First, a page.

Shortly before he cut the ribbon to officially open a three-story, 31,000-square foot Nike store in Georgetown Thursday morning, John Thompson Jr. told an audience of friends, former players and Nike employees about the early days of his Hoyas program.
“We had to make it work,” Thompson told me later, sitting a few feet away from the Hoyas shrine that greets visitors to this sparkling new store. “Sitting back and talking about it wouldn’t have done us any good. We had to do what we could to get sponsorship. It didn’t work as well as we thought it would, but we tried.”
“And then along came Phil Knight,” he said.
Georgetown’s relationship with Nike – solidified by Thompson’s friendship with the CEO and his position on the company’s board of directors – is celebrated throughout this new store, which occupies the M Street real estate that formerly housed a Barnes & Noble.
When you walk into the store you’re greeted by a glass case of famed Georgetown jerseys – Ewing and Iverson and so on — and towels commemorating Thompson’s achievements –- “an ode to the legend himself,” as Tim Hershey, the VP of retail for Nike North America, put it. A large poster of the coach overlooks the first floor, as does an illuminated quotation – “Don’t let the sum total of your existence be 8-10 pounds of air.”
The floors – made of reclaimed wood from local gymnasiums – are accented by Georgetown’s colors. The third story has a glass-enclosed display of Hoyas-themed Air Jordans. There are also footprints honoring Jeff Green and Roy Hibbert among a host of more famous Nike athletes, and a large display of Hoyas merchandise.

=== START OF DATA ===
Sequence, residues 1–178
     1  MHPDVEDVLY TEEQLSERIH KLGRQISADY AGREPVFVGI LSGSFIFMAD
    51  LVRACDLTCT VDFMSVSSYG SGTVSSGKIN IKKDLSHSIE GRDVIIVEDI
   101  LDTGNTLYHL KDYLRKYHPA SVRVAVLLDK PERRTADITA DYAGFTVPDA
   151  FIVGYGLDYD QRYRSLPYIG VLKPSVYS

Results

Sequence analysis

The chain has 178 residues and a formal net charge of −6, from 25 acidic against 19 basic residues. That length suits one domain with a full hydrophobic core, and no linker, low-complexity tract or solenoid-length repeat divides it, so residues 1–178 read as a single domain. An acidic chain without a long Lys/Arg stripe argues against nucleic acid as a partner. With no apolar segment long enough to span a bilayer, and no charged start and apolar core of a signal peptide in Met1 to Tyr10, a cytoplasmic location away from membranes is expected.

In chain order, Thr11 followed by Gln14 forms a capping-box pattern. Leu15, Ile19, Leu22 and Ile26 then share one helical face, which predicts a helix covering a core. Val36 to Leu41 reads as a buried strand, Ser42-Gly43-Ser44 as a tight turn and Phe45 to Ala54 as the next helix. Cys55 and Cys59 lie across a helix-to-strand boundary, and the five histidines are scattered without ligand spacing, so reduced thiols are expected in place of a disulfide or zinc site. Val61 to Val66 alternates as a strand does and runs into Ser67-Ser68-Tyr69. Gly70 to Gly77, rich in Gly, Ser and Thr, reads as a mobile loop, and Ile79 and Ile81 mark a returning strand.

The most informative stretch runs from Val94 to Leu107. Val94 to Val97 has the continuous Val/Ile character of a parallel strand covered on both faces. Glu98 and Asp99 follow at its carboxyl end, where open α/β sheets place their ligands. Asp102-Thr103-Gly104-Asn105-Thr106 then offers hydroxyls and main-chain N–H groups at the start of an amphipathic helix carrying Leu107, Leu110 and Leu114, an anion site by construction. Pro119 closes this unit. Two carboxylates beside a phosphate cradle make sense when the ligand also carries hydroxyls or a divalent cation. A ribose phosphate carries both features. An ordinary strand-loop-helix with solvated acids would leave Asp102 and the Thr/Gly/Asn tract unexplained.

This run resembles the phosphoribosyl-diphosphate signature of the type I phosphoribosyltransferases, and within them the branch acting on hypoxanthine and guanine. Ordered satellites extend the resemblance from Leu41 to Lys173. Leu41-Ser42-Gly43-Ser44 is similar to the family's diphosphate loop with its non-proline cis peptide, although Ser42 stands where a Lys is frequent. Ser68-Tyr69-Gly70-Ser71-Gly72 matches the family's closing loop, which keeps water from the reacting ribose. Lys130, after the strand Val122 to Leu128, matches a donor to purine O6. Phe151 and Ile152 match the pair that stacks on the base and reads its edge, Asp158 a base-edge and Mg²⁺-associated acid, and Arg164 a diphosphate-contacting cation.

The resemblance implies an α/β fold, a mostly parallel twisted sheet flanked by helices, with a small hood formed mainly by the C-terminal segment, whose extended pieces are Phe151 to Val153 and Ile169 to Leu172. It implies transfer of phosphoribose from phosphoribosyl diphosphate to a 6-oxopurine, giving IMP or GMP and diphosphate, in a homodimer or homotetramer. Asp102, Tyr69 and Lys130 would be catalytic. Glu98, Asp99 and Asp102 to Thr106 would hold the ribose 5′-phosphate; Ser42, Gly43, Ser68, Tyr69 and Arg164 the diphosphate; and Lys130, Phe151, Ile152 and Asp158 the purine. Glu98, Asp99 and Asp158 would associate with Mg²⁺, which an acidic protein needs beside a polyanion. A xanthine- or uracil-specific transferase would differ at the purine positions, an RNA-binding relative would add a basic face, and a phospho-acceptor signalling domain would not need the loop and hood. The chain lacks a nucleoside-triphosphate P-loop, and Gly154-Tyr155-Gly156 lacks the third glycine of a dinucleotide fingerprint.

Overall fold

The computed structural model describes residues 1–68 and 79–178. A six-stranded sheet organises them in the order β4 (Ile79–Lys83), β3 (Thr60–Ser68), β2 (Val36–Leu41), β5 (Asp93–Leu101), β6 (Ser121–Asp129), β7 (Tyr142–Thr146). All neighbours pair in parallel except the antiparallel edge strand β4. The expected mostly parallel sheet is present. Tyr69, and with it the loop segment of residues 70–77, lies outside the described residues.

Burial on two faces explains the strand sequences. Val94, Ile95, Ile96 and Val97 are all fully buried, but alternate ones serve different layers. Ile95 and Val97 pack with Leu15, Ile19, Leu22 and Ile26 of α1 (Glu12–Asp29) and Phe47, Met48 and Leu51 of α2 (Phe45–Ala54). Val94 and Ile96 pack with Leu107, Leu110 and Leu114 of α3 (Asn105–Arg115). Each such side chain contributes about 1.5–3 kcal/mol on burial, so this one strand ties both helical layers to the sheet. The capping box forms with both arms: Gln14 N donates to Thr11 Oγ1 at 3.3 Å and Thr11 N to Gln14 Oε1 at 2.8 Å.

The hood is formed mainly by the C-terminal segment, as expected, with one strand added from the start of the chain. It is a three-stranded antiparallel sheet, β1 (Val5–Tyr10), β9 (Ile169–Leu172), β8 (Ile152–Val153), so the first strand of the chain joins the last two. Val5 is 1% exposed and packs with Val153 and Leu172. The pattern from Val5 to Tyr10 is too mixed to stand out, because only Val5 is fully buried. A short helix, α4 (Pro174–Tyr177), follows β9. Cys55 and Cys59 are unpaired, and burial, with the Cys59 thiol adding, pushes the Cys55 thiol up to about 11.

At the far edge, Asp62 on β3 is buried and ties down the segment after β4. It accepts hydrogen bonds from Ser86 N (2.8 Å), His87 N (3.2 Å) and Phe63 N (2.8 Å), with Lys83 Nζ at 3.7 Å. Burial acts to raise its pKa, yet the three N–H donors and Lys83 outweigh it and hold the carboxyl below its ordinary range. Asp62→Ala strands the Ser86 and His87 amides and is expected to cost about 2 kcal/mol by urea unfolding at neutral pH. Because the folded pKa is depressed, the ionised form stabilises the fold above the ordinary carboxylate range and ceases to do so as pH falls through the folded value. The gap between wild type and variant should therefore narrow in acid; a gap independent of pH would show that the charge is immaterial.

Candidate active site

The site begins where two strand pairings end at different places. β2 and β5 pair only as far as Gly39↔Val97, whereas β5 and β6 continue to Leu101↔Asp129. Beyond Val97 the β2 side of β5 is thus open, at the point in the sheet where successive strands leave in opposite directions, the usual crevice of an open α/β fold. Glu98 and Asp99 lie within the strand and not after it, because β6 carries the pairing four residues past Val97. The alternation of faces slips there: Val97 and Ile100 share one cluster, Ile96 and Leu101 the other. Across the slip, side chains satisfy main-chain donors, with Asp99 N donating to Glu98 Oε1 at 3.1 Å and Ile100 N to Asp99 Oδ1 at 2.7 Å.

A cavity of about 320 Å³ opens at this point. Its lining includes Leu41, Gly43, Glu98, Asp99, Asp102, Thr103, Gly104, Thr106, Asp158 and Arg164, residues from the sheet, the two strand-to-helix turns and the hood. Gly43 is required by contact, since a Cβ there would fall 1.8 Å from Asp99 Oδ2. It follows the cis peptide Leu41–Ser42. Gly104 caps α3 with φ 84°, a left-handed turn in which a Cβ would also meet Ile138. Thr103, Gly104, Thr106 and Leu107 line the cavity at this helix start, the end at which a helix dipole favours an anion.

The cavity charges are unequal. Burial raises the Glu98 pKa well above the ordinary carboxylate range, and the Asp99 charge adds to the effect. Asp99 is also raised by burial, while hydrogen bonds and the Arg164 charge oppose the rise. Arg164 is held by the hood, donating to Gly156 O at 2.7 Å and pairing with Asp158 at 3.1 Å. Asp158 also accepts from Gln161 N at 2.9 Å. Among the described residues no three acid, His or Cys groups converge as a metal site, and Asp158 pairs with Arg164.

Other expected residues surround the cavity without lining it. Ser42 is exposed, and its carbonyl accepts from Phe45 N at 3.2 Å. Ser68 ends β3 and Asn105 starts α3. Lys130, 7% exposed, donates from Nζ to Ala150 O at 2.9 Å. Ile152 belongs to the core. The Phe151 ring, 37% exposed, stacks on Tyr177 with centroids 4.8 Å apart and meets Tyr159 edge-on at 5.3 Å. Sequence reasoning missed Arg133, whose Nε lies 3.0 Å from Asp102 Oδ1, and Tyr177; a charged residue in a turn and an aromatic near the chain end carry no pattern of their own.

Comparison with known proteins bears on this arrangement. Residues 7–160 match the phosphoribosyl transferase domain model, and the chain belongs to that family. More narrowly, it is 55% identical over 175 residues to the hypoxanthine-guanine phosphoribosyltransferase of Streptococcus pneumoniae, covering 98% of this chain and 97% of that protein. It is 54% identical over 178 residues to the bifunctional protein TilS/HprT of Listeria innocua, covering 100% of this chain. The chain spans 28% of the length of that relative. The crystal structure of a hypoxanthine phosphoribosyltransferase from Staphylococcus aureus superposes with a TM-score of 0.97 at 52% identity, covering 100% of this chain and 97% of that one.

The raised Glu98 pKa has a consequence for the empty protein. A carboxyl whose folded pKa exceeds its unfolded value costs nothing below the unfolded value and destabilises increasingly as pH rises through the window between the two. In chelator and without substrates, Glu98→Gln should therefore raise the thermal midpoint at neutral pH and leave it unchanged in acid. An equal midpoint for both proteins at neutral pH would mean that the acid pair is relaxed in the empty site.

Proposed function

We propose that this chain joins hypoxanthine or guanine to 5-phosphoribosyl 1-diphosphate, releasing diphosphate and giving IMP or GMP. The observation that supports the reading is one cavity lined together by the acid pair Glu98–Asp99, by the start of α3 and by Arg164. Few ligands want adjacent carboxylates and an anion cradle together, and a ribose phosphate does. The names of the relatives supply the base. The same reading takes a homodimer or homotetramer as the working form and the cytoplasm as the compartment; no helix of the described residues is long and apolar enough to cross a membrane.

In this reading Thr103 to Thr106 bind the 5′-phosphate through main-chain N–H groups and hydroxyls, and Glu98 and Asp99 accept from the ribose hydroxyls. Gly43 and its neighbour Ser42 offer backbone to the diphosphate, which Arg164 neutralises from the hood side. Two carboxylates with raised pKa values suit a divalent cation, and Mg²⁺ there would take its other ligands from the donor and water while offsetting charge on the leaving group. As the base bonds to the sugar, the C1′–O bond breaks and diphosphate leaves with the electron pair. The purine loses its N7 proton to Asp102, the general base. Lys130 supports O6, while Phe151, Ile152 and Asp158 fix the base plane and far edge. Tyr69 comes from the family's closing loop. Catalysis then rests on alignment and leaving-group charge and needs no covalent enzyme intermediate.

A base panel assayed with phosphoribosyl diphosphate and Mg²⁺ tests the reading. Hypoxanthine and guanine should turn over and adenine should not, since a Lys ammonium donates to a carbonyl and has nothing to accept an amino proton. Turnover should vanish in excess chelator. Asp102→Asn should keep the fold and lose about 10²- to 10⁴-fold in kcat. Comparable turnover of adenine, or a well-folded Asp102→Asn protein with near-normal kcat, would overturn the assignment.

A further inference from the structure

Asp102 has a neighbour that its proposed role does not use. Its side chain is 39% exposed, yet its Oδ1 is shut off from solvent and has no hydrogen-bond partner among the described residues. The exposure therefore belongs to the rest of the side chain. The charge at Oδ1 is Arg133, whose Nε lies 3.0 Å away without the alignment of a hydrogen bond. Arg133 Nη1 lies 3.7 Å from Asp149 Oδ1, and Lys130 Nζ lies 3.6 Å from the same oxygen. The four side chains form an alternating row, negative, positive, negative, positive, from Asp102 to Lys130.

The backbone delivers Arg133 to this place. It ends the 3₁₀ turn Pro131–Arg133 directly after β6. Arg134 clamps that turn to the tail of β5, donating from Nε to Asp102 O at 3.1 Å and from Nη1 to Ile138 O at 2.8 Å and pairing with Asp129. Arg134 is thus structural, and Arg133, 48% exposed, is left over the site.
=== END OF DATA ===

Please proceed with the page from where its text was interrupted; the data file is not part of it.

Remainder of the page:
“We’re continuing the story and paying homage to Coach Thompson’s legacy, what he means to the community, what he means to the brand, the relationship between Coach Thompson and Georgetown and Nike,” said former Hoyas point guard Michael Jackson, now the Vice President and General Manager of North America Basketball for Nike. “I don’t think he got enough credit for what he represented in basketball. Georgetown changed the game, merged culture with sports. Georgetown did that before anyone else in college basketball.”
And a host of heavyweights were on hand to help commemorate that merger, from longtime Thompson attorney David Falk to former players like Mark Tillman, Michael Graham and Ewing.
“Nike and Georgetown, since I’ve been there, have been partners,” Ewing said, coiling two fingers around each other to demonstrate the relationship.
Nike officials presented Thompson with a custom-made jacket in honor of the occasion – “is it money?” the coach dead-panned before the box was opened. And the coach was typically blunt through his brief speech, telling the crowd that “I don’t like to do [stuff] like this,” before asking his former radio producer whether he could go back and bleep out the profanity.
After it was all over, though, after the throng of young sneakerheads had exploded through the front doors and the Nike staffers had finished their group chants, Thompson reflected on the moment.
“It’s not the kind of thing you expect, and when it does happen, it’s flattering,” he said. “My name may be on the wall, but a lot of people – from the custodian to the president of the college and everyone in between – had to contribute for us to have the success we had.”
I’m just speculating here, but it also seems like a celebration of the Hoyas in the middle of D.C.’s most prominent retail strip might not be unattractive to Georgetown recruits.
“Hopefully,” John Thompson III said with a grin. “At least they’ll understand what the program has meant to Nike, and what Nike’s meant to the program.”